New York, NY, [June 17, 2011] – A new report funded by the Rockefeller Foundation estimates that the field of Impact Sourcing, employing socioeconomically disadvantaged people in Business Process Outsourcing (BPO) centers, is currently $4.5 billion and has the potential to reach $20 billion and employ 780,000 by 2015. The report, conducted by Monitor Group, suggests a strong business case for Impact Sourcing, which can provide high-quality, reliable services at prices that are at least competitive with traditional BPO centers and, in some cases, almost 40 percent lower than what traditional providers can offer. Read more
Social responsibility in international business has been the topic of much debate since the UN began studying the impact of multinational corporations on local business and local environments. This article by Alejandro Gorbato addresses more recent considerations of both public international law (including the UN and other public intergovernmental bodies) and more local considerations of Argentine mining law as an example of social responsibility. The author offers a dialogue on the interplay of prudent international business practices and compliance with emerging international and national laws governing “social responsibility” and “sustainability” in international investment and commerce.(Spanish and French versions also available)
The grand finale of the much awaited GSC 3S awards was held on February 8th, 2011. The awards night and dinner, hosted by Kaye Schole, was attended by an audience hailing from various countries like Poland, Spain, India and Canada. The 3S Awards intent was to showcase the brilliant examples of Sustainable and Socially responsible Sourcing practices that had made a difference to people, communities and the environment. The 3S awards provided a level playing field for organizations of varying sizes like Genpact and NH Hoteles to smaller local organizations like Distant Village Packaging and Vindhya e-Infomedia to demonstrate their roles in making a difference. READ MORE >>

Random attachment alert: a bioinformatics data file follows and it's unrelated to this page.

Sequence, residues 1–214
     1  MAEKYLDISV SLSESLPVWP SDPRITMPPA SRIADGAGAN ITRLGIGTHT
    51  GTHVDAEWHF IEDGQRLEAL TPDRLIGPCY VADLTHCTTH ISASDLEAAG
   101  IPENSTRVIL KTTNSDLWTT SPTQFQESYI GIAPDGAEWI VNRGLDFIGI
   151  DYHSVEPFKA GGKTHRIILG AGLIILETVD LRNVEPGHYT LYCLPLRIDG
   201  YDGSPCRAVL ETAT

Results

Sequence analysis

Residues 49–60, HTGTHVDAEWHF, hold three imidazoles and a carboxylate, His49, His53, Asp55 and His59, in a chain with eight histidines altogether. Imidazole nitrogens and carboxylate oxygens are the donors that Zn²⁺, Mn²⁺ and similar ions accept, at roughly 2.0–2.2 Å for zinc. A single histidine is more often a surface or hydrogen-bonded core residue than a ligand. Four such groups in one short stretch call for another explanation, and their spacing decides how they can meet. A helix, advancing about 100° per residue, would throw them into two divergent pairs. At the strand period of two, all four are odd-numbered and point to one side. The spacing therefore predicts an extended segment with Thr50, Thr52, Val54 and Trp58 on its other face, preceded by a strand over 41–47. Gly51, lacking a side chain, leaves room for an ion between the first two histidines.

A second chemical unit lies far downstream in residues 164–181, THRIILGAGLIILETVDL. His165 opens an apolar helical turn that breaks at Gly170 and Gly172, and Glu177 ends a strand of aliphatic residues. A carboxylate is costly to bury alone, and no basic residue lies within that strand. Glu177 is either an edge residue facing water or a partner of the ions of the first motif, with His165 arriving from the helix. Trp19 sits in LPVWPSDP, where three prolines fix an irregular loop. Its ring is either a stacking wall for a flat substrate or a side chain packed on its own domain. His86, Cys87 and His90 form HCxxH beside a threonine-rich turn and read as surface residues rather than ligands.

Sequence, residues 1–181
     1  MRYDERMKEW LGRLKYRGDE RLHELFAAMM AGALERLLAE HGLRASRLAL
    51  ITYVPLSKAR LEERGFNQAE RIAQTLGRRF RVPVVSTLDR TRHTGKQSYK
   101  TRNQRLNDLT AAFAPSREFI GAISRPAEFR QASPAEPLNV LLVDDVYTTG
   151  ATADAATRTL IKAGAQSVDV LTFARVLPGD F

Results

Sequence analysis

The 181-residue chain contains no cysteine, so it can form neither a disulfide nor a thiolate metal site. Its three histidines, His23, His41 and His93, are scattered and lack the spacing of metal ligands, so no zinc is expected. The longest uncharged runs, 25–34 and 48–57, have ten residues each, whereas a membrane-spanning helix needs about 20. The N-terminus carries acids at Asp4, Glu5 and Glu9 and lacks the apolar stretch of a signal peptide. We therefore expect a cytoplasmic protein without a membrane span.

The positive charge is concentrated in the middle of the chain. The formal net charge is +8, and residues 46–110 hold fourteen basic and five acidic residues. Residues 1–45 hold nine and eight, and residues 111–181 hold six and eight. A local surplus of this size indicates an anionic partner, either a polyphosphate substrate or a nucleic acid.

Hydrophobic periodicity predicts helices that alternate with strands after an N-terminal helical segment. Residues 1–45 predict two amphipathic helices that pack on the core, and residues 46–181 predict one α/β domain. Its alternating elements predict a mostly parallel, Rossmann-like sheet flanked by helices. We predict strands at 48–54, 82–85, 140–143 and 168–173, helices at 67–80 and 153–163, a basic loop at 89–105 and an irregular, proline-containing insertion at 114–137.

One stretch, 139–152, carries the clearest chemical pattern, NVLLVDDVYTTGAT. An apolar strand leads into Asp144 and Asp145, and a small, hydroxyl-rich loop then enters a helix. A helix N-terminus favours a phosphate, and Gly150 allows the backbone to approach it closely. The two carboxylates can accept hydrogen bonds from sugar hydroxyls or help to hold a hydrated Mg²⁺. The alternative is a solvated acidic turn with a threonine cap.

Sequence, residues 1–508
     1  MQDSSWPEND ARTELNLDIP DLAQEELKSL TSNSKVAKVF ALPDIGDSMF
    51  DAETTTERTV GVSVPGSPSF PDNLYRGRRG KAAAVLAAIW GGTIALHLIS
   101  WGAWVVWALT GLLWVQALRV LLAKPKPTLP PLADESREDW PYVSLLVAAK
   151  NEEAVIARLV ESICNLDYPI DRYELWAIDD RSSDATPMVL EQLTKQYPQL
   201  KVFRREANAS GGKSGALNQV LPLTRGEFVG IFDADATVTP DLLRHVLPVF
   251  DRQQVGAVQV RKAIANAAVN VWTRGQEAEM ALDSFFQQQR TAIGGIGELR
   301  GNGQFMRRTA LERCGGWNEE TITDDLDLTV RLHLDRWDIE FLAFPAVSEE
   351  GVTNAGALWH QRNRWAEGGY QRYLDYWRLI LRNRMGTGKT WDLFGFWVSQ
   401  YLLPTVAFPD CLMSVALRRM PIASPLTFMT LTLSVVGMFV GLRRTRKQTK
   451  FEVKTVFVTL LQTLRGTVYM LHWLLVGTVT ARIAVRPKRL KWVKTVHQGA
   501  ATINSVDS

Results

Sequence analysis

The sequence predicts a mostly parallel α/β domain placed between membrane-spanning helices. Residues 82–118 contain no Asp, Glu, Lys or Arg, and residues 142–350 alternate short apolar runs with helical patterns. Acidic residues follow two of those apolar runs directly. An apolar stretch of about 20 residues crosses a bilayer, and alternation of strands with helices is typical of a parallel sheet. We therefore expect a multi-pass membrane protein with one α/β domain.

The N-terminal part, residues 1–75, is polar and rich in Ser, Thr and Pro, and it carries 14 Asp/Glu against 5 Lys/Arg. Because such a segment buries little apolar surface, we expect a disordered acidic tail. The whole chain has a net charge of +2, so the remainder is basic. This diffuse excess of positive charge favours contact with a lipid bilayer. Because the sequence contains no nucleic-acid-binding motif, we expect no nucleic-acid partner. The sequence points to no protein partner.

Published: March 16, 2011 in Knowledge@Wharton
Water is a paradoxical commodity: It seems free and plentiful, yet its supply is under tremendous strain. Use of fresh water has more than doubled in the past 50 years, and many fear that we are coming close to a frightening breaking point, a world where chronic water shortages for farmers, businesses and people are the norm. Some experts even see international conflict emerging over access to dwindling supplies. Recognizing these concerns, companies are undertaking major programs to realign their water use with core business and humanitarian interests. But while objectives like being “water neutral” and using “footprinting” — tracking the use of water throughout the supply chain — are ambitious, what is being done to achieve them? Are these goals realistic, and will they have enough impact? This special report addresses these questions.
Click HERE to access the full report now!!!
[smooth=id:4; width:500; height:322; timed:true; arrows:false; carousel:false; links:true; info:false; align:center; frames:true; delay:4000; transition:fade;]
NEW YORK, New York (February 14, 2011) – The Global Sourcing Council (GSC) announced the winners of the 2010 Awards in Sustainable and Socially Responsible Sourcing (3S Awards) on Tuesday, February 8, at a dinner and ceremony in Manhattan. The 3S Awards provide a platform to showcase global and domestic initiatives which promote sustainability and socially responsible sourcing practices. Read more